If variety can spice up life in general, Inhale Exhale Studio's owner Hao Ly figures it's also a great way to keep exercising interesting. She, and her 20-plus teachers, leads a regimen of more than 50 group fitness classes held across all seven days of the week. Students might show up on Sunday and shape glutes in a barre-based fitness class or drop in on Monday to sweat during warm Vinyasa flow yoga lead by Hao herself. Other days feature similar options, as well as multiple forms of Pilates, boot camps, and even the occasional spinning class. To help fend off soreness and aches, Hao says the studio offers Thai bodywork, an assisted form of stretching with many similarities to yoga.
Equipment: Pilates Reformer apparatus, RealRyder bikes
Students should bring: hot yoga towel, bottle of water, yoga mat, spin shoes, hand towel
Average class length: 60-90 minutes
Number of Staff: 11?25
Class location: Indoors only
Registration required: Yes
Good for beginners: Yes
Parking: Parking lot
Amanda sits cross-legged in a sun-soaked room, still amazed that, eight years ago, a love affair with yoga rocketed her through 200 hours of training and into the ownership of her own studio. She has an updated 1,500 sq. ft. space with 14 new classes including Turbokick, Full Body Blast, and more. During Zumba sessions, instructors lead a small group of exercisers—their hips undulating and limbs snaking during body-sculpting power workouts backed by Latin-inspired music. Barre classes fuse Pilates, yoga, and ballet techniques into a total-body workout, using a ballet barre along with resistance bands and light weights.
Amanda teaches alongside a troupe of passionate instructors. They help students of all experience levels find their groove, teaching more challenging moves to advanced pupils or modifications for those still learning to move in earth’s gravity.
CrossFit doesn't just work out a one muscle per day, but every muscle. The program's foundation is Workout of the Day, which comprises a different blend of strength and cardio drills in each class. These sessions target new muscle groups and prevent workout-routine boredom. After an exercise review and a warm-up, students adapt the functional movements?which may include Olympic weightlifting, sprints, and medicine-ball tossing?appropriately to their fitness level. The routines pick up in intensity as the workout progresses, and a limited class size guarantees personal attention from a certified CrossFit level-one trainer. Click here for a workout schedule.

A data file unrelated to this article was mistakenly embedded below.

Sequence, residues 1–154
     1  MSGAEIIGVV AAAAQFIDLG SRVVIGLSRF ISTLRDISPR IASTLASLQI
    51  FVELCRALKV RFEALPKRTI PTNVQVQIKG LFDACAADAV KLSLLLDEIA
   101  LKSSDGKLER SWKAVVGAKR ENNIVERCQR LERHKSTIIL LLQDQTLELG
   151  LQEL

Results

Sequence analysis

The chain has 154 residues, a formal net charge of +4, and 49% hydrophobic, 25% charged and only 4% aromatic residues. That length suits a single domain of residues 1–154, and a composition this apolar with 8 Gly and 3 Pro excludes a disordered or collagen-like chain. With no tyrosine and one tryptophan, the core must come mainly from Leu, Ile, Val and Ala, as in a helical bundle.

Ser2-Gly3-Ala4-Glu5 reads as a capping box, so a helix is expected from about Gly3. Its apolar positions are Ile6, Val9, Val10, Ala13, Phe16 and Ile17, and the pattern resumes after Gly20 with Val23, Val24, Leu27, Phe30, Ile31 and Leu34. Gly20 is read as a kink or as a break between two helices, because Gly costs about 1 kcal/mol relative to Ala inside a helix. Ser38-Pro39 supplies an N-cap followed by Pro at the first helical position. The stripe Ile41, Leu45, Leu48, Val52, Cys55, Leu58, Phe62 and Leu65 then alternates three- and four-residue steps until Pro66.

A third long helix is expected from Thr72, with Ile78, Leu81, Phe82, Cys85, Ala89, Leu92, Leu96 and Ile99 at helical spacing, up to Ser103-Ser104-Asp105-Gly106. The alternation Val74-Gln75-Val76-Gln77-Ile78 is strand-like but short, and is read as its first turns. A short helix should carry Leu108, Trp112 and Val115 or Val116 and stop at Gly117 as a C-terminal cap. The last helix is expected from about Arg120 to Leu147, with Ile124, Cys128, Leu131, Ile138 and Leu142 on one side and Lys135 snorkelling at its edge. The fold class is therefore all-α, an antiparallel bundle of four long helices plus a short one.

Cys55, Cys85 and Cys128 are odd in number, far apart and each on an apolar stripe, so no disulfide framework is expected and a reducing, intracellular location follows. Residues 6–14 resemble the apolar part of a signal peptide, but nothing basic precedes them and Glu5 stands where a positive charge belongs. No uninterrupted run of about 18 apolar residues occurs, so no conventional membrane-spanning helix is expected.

Boleros Dance Club?s upbeat instructors keep classes loose and lively while teaching students the moves of ballroom, Latin, and swing. They also prep future brides and grooms for their first dance with lesson plans and host dance socials where everyone can mingle and exhibit their spanking new twinkle toes.
The Ritz Ballroom Dance Studio's instructors understand that dancers learn in stages, which is why they utilize the popular Medalist system, where students work toward specific goals at each level. Dancers begin at an introductory stage, where they learn the basic steps of ballroom dances such as the Viennese waltz, foxtrot, and cha-cha, and Latin styles such as bolero or salsa dancing. From there, dancers increase their awareness of each movement, progressing from slow and somewhat unsure to consciously confident?striving to let the dance flow through them without thinking about each step or wondering if Fred Astaire ever tried the worm.
Private lessons give students one-on-one practice time with instructors who move at a customized pace. Students then progress to group classes where they learn to dance with a variety of partners and pick up good dance habits, such as never biting their dancemate's nails. Scheduled dance parties create a relaxed, casual setting for further practice in the studio, which bathes dancers in a dreamy atmosphere complete with floor-to-ceiling mirrors, honey-hued wood floors, and the glittery twinkles of a disco ball.
Though its name may conjure fantasies about sprinting down crowded streets or bench-pressing buses stalled in traffic, Urban Active Fitness grants its members abundant space in which to spread out and follow their workout proclivities. At dozens of locations across the Midwest and South, members can sculpt their bodies in whichever manner they choose—from personal training with resistance machines and free weights to group classes in cycling, Zumba, and Pilates. A number of group classes draw on the gym’s urban theme for inspiration. Urban Iron, for example, focuses on building muscles that resemble the cast-iron beams of skyscrapers, and Urban Yoga closely imitates the poses necessary to squeeze onto a subway train at rush hour.